The Role of Spatial Frequency Information in Face Classification by Race
- Publisher: Frontiers Media S.A.
Frontiers in Psychology,
(issn: 1664-1078, eissn: 1664-1078)
Psychology | face classification | other-race advantage | Original Research | faces’ race | spatial frequency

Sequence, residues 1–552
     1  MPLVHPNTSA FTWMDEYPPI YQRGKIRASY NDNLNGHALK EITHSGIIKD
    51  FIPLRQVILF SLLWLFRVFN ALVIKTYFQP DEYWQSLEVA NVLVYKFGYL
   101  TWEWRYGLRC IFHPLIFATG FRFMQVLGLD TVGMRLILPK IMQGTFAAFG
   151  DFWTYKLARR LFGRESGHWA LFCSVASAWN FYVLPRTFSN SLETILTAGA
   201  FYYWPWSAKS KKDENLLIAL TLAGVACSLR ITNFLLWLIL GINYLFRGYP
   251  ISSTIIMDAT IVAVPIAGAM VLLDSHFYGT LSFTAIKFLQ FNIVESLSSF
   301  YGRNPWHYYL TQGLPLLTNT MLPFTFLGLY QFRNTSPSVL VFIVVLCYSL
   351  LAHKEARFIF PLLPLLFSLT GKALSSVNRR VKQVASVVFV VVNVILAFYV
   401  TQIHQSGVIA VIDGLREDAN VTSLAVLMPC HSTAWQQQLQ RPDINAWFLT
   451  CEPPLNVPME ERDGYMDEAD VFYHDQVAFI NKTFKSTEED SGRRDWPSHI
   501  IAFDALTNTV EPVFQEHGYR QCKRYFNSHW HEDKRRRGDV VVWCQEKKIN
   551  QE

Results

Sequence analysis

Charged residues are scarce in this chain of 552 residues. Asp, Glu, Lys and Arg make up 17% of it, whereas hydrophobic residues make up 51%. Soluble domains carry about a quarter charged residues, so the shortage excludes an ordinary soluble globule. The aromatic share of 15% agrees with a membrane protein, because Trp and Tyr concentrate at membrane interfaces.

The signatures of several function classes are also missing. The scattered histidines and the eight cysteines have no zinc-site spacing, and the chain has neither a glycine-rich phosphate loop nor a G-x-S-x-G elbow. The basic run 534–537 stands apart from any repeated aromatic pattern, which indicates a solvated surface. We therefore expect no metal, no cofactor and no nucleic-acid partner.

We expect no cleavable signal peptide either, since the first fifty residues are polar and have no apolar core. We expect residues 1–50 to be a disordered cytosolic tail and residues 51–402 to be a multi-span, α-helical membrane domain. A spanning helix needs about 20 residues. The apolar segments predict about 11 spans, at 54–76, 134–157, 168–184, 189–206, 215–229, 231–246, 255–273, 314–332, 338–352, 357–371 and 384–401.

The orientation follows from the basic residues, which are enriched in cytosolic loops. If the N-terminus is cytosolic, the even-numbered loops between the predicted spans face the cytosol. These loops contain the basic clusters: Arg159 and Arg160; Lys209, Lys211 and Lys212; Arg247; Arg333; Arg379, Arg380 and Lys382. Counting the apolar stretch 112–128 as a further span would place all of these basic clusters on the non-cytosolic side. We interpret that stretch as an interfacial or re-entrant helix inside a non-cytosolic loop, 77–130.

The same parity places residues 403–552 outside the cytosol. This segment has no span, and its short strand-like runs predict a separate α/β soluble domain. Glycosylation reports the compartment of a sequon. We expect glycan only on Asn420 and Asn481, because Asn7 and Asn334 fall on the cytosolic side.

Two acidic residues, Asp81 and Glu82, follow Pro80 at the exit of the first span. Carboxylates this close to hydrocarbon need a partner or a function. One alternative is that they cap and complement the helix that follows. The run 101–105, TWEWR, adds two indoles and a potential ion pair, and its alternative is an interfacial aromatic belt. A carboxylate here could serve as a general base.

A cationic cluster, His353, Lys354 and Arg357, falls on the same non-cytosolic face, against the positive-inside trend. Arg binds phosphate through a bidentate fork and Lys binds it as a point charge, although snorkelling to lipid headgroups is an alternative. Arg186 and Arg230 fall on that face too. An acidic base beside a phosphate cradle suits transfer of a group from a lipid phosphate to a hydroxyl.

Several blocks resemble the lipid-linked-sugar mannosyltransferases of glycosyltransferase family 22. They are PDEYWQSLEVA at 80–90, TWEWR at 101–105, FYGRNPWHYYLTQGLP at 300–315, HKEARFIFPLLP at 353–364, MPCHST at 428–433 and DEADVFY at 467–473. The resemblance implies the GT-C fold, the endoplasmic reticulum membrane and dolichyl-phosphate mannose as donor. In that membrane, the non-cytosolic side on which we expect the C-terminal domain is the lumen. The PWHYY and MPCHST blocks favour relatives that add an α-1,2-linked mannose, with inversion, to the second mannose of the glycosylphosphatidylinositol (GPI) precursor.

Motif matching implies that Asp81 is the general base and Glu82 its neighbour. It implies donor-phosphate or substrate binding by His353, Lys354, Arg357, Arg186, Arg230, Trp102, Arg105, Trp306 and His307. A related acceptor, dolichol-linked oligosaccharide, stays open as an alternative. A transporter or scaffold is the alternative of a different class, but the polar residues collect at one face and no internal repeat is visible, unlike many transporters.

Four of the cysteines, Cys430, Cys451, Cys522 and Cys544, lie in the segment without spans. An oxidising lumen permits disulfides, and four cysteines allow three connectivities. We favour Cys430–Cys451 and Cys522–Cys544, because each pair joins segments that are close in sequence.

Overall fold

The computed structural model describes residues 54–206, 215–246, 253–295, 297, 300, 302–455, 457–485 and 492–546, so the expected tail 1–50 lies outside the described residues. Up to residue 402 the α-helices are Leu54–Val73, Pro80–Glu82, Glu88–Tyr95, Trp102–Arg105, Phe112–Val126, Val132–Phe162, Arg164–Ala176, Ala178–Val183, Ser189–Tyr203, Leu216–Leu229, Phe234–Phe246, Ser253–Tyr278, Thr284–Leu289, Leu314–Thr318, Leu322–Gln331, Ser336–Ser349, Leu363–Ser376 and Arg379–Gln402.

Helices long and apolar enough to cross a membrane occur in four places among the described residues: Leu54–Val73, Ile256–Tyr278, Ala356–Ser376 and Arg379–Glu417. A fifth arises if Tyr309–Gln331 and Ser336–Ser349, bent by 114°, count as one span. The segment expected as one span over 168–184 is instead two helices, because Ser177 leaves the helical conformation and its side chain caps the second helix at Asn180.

It was found that face classification by race is more quickly for other-race than own-race faces (other-race classification advantage, ORCA). Controlling the spatial frequencies of face images, the current study investigated the perceptual processing differences based on spatial frequencies between own-race and other-race faces that might account for the ORCA. Regardless of the races of the observers, the own-race faces were classified faster and more accurately for broad-band faces than for both lower and higher spatial frequency (SF) faces, whereas, although other-race faces were classified less accurately for higher SF than for either broad-band or lower SF faces, there was no difference between broad-band and lower SF conditions of other-race faces. Although it was not evident for higher SF condition, the ORCA was more evident for lower SF than that for broad-band faces. The present data indicate that global/configural information is needed for subordinate race categorization of faces and that an important source of ORCA is application of global/configural computations by default while categorizing an own-race face but not while categorizing an other-race face.